Microsoft announced plenty of exciting stuff at Build 2016, but nothing that moved the audience quite like the new AI tech that could potentially change the lives of visually impaired people.
Using a pair of smart sunglasses and artificially intelligent image recognition software, the Seeing AI platform enables blind people to receive audio descriptions of what’s happening in the world around them.
Written by Microsoft software engineer and Londoner Saqib Shaikh, who lost his sight at aged 7, the platform can recognise activities as well as the gender, approximate age, physical characteristics and emotions of people the user may be talking to.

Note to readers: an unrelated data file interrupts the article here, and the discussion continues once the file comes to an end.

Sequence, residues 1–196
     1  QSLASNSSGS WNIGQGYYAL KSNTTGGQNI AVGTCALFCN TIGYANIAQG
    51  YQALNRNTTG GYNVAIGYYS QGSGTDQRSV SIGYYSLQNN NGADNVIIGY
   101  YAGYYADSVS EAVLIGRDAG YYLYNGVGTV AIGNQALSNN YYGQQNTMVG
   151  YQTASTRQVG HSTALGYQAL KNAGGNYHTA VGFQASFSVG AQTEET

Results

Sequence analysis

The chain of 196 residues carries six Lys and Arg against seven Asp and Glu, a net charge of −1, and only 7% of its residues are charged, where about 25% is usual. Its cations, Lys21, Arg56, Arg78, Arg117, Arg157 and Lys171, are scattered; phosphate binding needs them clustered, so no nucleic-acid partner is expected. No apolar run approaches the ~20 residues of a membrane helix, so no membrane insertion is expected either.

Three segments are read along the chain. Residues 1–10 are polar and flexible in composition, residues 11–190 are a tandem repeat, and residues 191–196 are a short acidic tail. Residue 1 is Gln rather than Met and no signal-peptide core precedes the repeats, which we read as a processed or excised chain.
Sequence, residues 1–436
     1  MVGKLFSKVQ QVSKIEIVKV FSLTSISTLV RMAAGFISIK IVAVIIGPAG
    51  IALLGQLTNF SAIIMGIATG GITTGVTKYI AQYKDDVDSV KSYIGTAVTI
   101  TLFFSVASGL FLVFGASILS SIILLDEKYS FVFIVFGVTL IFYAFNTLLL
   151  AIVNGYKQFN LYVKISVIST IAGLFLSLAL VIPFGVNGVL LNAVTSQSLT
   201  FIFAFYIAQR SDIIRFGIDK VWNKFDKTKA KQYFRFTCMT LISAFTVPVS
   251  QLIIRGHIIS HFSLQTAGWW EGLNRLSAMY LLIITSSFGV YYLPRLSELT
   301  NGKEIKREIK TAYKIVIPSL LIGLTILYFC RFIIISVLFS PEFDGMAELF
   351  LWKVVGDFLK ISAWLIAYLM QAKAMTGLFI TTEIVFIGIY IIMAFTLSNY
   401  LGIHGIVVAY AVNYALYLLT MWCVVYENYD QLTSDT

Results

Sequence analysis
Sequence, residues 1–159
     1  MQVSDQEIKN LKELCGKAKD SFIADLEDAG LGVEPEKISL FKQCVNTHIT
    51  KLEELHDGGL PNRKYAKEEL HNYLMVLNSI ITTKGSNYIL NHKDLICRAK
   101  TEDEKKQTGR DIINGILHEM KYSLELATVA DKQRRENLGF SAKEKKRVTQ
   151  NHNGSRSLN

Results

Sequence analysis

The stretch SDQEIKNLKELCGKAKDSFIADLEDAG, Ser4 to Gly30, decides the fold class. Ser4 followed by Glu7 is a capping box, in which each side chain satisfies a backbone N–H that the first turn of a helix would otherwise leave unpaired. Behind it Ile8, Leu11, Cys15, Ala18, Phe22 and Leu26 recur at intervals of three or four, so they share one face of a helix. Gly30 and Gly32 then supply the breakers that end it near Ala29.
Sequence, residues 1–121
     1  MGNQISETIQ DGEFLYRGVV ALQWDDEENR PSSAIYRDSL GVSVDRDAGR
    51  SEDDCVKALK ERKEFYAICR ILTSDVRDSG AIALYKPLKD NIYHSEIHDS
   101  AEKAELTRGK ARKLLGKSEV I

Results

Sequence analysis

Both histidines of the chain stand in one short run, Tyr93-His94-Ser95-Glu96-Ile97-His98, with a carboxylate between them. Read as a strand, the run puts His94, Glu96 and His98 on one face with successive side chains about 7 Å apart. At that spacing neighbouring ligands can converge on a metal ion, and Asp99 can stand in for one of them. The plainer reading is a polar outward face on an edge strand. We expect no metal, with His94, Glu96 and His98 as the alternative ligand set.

“When you’re talking to bigger groups, you can talk and talk and there’s no response. You think ‘is everyone listening really well or are they half asleep?’ and you never know," Shaikh said.
“The app can describe the general age and gender of the people around me and what their emotions are. That’s incredible.”
As shown in an inspiring video during the keynote presentation at Build, the tech can also enable users to position a smartphone app over a restaurant menu and have the items read back thanks to text-to-speech tech.
The idea is a collaboration between Pivothead, the maker of GoPro-like smart glasses and Microsoft’s Cognitive Services team.
Pivothead says the app is still development and there are no immediate plans for release. The manufacturer added that it may be built into a future iteration of its own smart glasses.
Check out the video below. Prepare to be wowed, and beware, you might need to keep a tissue handy.